We are interested in basic cellular and molecular mechanisms driving early blood vessel formation. We aim to study this process in the developing embryo, as well as engineered and regenerating tissues.
The cardiovascular system is the first functional organ formed during development, arising long before other organs and tissues. Abnormalities in assembly or function of the heart and blood vessels almost invariably lead to fetal lethality, although they are also the basis for many congenital abnormalities. Cardiovascular function is critical to the survival of higher organisms because every cell must receive nutrition and eliminate wastes via the blood.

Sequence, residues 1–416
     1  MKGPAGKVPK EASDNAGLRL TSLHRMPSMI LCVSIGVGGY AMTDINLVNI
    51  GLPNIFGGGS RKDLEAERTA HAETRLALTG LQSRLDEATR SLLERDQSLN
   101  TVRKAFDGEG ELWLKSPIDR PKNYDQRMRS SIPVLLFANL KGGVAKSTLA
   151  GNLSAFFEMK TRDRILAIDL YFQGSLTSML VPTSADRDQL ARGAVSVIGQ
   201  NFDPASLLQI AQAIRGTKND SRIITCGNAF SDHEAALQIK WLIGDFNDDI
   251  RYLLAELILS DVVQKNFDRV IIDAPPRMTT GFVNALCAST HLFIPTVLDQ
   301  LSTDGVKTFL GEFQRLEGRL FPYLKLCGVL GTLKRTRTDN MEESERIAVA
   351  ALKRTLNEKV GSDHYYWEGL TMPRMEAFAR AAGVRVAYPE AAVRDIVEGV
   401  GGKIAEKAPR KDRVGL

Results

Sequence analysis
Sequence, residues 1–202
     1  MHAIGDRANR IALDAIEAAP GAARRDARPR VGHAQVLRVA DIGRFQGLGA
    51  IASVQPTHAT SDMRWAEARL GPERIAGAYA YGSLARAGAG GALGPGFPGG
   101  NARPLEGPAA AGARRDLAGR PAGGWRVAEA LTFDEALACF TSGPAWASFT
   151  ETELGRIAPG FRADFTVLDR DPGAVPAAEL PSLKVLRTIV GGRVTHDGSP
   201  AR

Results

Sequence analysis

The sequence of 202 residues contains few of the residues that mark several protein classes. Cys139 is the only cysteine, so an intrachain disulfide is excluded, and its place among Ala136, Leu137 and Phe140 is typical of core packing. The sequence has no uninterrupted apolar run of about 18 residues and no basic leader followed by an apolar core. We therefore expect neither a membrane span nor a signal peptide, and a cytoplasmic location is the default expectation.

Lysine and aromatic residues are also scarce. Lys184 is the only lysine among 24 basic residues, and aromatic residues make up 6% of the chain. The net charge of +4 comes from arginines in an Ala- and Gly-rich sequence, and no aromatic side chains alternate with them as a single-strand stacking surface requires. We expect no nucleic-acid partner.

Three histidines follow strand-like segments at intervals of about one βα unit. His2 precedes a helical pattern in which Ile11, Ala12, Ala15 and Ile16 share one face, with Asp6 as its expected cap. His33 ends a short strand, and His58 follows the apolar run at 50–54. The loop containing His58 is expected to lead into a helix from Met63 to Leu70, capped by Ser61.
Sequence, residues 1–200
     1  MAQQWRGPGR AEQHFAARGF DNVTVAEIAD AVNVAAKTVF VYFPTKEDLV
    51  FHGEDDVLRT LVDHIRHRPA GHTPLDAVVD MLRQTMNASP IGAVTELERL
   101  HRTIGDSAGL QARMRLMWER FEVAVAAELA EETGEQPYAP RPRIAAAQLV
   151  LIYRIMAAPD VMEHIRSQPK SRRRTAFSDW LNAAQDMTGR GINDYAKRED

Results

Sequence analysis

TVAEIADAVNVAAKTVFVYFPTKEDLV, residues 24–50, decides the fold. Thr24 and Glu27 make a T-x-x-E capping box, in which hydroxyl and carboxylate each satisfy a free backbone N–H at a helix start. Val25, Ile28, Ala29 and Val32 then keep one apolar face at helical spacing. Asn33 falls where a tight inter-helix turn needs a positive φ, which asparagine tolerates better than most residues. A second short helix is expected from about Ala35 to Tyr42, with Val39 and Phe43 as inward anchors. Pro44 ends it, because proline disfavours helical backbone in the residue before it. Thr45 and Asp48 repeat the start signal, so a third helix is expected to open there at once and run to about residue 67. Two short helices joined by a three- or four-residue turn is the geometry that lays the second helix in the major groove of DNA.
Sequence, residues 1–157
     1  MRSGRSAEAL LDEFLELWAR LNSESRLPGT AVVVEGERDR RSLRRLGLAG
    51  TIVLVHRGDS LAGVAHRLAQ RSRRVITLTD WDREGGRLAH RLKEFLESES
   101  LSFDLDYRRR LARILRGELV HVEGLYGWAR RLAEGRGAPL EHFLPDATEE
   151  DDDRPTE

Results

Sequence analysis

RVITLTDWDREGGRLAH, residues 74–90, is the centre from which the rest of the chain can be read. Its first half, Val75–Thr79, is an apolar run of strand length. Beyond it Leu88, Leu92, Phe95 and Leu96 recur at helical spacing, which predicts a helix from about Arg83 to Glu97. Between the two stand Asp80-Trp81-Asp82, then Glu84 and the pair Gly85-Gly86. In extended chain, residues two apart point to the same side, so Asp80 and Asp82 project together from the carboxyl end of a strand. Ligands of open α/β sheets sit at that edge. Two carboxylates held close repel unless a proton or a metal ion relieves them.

Studies show that cells in all organs and tissues are located within 100-200 µm of an endothelial-lined vessel, which represents the diffusion limit for oxygen, otherwise they starve or become hypoxic. Therefore, endothelial cells together with other cardiovascular cell types, such as heart muscle and blood, are critical cell types in the developing embryo.
We are interested in many aspects of blood vessel formation, including:
- Vasculogenesis (de novo aggregation of vascular progenitors called angioblasts),
- Tubulogenesis (changes in cell polarity and adhesion that result in formation of central lumen),
- Angiogenesis (sprouting or remodeling of existing vessels),
- Patterning (how cues in the environment dictate localization of forming vessels), and
- Maintenance of functional endothelium.